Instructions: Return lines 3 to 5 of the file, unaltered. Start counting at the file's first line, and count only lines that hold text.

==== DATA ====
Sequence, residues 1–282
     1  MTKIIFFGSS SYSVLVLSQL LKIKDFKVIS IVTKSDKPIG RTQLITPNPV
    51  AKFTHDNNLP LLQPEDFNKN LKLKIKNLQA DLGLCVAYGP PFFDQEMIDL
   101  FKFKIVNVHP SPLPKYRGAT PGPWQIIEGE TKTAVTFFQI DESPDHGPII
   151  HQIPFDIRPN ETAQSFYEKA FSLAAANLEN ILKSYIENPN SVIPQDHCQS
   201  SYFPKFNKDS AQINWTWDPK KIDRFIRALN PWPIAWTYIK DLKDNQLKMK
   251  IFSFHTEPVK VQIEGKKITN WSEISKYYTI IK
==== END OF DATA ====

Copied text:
    51  AKFTHDNNLP LLQPEDFNKN LKLKIKNLQA DLGLCVAYGP PFFDQEMIDL
   101  FKFKIVNVHP SPLPKYRGAT PGPWQIIEGE TKTAVTFFQI DESPDHGPII
   151  HQIPFDIRPN ETAQSFYEKA FSLAAANLEN ILKSYIENPN SVIPQDHCQS